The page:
The Wee Free Men by Terry Pratchett. Kate booklogged this a few weeks ago, which should serve as ample proof that I don't drop everything for a new Pratchett... Actually, I was busy when it first arrived, and then it got put on a shelf in Kate's office, where I only rarely venture, and I completely forgot that it was there...
This book bears some superficial similarity to Neil Gaiman's Coraline, in that they're both YA books about young girls who turn back an incursion by an evil fairy Queen. The similarities pretty much end there, though, as Coraline's only ally is a slightly enigmatic cat, while Tiffany, Pratchett's protagonist, has the backing of an entire army. Granted, they're six inches tall, but they're not a force to be trifled with:
The Nac Mac Feegle liked clear goals. Hundreds of swords and battleaxes, and one bunch of battered flowers in the case of Daft Wullie, were thrust into the air, and the war cry of the Nac Mac Feegle echoed around the chamber. The period of time it takes a pictsie to go from normal to mad fighting mood is so tiny, it can't be measured on the smallest clock.
Unfortunately, since the pictsies were very individualistic, each one had his own cry and Tiffany could only make out a few over the din:
"They can tak' oour lives, but they canna tak' oour troousers!"
"Ye'll tak' the high road an' I'll tak' yer wallet!"
"There can only be one t'ousand!"
"Ach, stick it up yer trakkens!"
But the voices gradually came together in one roar that shook the walls:
"Nae King! Nae Quin! Nae laird! Nae master! We willna be fooled again!"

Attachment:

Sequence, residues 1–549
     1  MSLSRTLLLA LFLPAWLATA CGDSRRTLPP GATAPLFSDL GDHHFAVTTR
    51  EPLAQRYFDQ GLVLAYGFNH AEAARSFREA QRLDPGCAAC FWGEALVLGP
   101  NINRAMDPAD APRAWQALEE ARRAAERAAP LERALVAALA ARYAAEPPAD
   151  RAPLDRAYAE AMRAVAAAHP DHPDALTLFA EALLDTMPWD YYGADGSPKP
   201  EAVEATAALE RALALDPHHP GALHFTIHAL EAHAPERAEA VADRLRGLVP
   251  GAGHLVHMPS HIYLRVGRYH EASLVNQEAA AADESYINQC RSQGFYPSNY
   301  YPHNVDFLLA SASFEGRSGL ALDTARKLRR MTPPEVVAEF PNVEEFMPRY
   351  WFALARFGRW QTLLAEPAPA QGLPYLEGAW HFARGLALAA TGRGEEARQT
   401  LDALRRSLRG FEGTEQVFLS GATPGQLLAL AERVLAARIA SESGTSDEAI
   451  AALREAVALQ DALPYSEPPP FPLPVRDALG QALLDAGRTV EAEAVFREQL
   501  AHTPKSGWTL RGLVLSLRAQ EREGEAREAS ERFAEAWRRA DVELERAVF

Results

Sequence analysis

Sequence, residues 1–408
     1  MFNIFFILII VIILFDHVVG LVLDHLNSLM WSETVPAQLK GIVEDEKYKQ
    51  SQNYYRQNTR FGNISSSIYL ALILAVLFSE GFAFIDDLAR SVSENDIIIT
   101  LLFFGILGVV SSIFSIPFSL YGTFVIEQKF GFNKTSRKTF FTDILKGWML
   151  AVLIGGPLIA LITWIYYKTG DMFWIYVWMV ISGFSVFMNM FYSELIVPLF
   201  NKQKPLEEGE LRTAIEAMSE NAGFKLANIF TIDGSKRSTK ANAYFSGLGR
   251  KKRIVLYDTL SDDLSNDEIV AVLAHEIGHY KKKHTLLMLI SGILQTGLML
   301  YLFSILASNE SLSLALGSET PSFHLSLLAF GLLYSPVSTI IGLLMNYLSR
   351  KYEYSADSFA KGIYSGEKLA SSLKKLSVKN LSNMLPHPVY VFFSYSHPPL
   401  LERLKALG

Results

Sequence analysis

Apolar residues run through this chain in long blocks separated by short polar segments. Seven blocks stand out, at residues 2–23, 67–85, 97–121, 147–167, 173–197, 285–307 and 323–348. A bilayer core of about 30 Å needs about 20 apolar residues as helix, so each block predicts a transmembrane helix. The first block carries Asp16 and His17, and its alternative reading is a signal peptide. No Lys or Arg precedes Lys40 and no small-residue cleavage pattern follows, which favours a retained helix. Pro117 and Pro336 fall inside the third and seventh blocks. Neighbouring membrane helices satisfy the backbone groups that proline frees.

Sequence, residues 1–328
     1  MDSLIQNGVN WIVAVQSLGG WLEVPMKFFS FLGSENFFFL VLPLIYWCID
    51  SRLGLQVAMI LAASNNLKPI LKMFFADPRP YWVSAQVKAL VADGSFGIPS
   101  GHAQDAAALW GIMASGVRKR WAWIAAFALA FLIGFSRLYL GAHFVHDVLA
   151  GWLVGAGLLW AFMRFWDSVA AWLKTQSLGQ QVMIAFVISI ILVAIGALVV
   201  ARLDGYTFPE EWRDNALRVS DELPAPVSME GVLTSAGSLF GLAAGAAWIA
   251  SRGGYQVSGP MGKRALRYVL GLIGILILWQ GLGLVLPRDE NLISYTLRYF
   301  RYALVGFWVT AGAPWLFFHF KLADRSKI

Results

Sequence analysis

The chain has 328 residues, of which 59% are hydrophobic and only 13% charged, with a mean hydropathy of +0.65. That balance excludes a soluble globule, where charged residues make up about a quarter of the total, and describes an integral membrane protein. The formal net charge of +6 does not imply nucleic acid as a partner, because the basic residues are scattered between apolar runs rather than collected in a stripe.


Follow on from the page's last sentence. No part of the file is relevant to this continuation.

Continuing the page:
Between Tiffany's relentlessly sensible way of looking at the world, and the fighting zeal of the wee Free Men, the armies of Elfland never stand a chance.
Well, OK, that's not entirely true-- the evil Queen does put up a good fight, and Tiffany has to dig deep to find the strength to beat her. Which brings up the other obvious comparison, to Lords and Ladies (possibly my favorite Discworld book, which is odd, since I don't usually care for the Witch books). Tiffany is very much a Granny Weatherwax in waiting, and some of the lessons she learns in the course of this book are the same ones Granny learned in Lords and Ladies.
Anyway, this is a good, fast read, which I polished off in the course of an afternoon spent lounging in the sun and recovering from my college reunion weekend. It doesn't quite stack up to the best of the Discworld series, but it stands on its own very well, and would serve as an excellent introduction to Pratchett for people who might be put off by the thought of picking up a novel from a series that's almost thirty books long.
(Origianlly posted to The Library of Babel.)